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Edward F. Markquart

The Cattleprod and the Coverup, Ananias and Saphira

Stewardship      Acts 5:1-11

The sermon that is being preached today is a very difficult sermon.  I have never preached on the story in Acts about Ananias and Sapphira, and this has to be one of the most difficult passages in the Bible.  The title of the sermon for today is “The Cattleprod and the Coverup.”

For all of you visitors who are here for the first time today, you may be thinking that all Grace Lutheran Church does is talk about money.  That is not true.  We have one stewardship sermon a year, always on the third Sunday of November, and we do not apologize for preaching about money. We do it only once a year at Grace and that is not enough.  Jesus talks more about money than any other topic in the Bible, so we need to talk more often about money, as Jesus so clearly did.  Today’s sermon is what I call a “no-nonsense” sermon about our Christian thank offerings. 

When I think of the word, cover-up, I think of President Richard Milhouse Nixon.  Back during his campaign for the presidency, his campaigners very foolishly broke into the Democratic headquarters and they committed a crime by stealing papers.  Nixon heard about this break-in and then tried to cover it up.  So there were two problems:  one, the break-in at Watergate and then two, the cover-up of the crime.  Anytime that I think of the word, cover-up, I think of the Nixon administration.

But that same tendency and pattern is true of all of us.  We all make mistakes and then try to cover it up.  We all get into trouble, and then lie about it and get into further trouble.  When I think of a cover-up, I think of myself as a kid and the first time I smoked cigarettes.  We went to our neighborhood grocery story and bought cigarettes, charging them, of all things, to my family account, telling the grocer that I was buying them for my father, a non-smoker of all things.  This went on for a few weeks, and we kids would gather in some tall bushes in a gravel pit, and there would be a cloud of smoke rising from this clump of tall bushes.  This went on for a couple of weeks before my father confronted me with the bill and I quickly replied:  “I didn’t do it.  Nielsey Nielsen did it.  He’s the guilty one and he charged them to our account.”  The story was factually true but totally false.  We kids were all in it together.  And so there were two sins:  stealing the cigarettes and then lying about it.  That is human nature; we do something wrong and we then try to cover it up.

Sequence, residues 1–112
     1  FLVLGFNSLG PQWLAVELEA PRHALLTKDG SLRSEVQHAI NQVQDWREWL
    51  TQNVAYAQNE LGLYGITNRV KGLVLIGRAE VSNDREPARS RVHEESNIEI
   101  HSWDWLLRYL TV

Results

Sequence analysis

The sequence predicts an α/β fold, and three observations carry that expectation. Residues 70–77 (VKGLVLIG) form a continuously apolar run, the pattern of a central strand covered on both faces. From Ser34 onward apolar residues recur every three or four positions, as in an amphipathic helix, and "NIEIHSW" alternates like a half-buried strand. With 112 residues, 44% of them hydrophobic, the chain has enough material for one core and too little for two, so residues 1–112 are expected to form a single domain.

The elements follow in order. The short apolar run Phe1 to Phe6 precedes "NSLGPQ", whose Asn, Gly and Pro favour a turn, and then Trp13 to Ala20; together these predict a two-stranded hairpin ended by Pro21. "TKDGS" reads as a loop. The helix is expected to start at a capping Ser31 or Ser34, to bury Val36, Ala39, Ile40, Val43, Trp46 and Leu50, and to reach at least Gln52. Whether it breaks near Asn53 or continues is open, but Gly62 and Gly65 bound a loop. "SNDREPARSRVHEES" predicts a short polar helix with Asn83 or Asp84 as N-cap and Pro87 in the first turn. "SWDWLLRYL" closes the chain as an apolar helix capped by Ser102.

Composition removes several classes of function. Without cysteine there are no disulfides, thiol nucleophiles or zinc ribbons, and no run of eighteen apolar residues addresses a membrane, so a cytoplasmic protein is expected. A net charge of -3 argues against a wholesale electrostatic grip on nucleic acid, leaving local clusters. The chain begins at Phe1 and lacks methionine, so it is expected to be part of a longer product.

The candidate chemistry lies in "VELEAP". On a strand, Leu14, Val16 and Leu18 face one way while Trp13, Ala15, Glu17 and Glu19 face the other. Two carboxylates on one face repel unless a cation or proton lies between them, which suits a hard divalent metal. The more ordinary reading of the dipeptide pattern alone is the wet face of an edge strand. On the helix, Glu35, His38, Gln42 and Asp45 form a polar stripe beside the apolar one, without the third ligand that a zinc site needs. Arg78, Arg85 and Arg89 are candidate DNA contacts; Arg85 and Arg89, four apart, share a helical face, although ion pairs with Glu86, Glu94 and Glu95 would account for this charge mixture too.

Well, that is the story for today.  I should say, stories for today because there are three stories in the Bible that are cover-ups and all have to do with thank offerings.  These three stories have to do with people cheating on their thank offerings, covering it up and then facing the unpleasant consequences.

The first story is about Achan who was a soldier.  Achan had gone off into battle and come back and was supposed to give the booty to God as a thank offering but he kept some of the loot for himself.  He kept two hundred pieces of silver, a bar of gold, and a beautiful wood carving from Babylonia.  These pieces were really nice; the times were hard.  Achan liked these things and so he buried them in the floor beneath his tent.  He would save them for a rainy day when he needed them.  Meanwhile, things started to go bad in the land of Israel.  The Israelites started to lose battle after battle, and Joshua, the general, finally said:  “Lord, what is wrong?”  God said, “Someone has been cheating on me.”  So Joshua went throughout all the camp, asking, “Are you cheating on God?  Are you cheating on God?  Are you cheating?”  Finally, Joshua approached Achan, and Achan denied it:  “No, no, no, not me; I have not been cheating on God!” Joshua was suspicious and so he searched Achan’s tent and sure enough, they found the offerings buried beneath the tent.  Achan’s sins were two fold:  One was cheating on his offerings and the second was lying about it.  The punishment for the crime was utterly awful.  Achan was killed, but not only Achan, but his wife, his children, his cattle, and then they burned his land.  It is called The Ban.  They totally wiped him and his family out.

Now, I don’t like that story.  I don’t like the barbarism of that story, but underneath the story and the barbarism of that day, this story is an example of a person who had been cheating on his offerings, tried to cover it up, and then was punished for his deeds.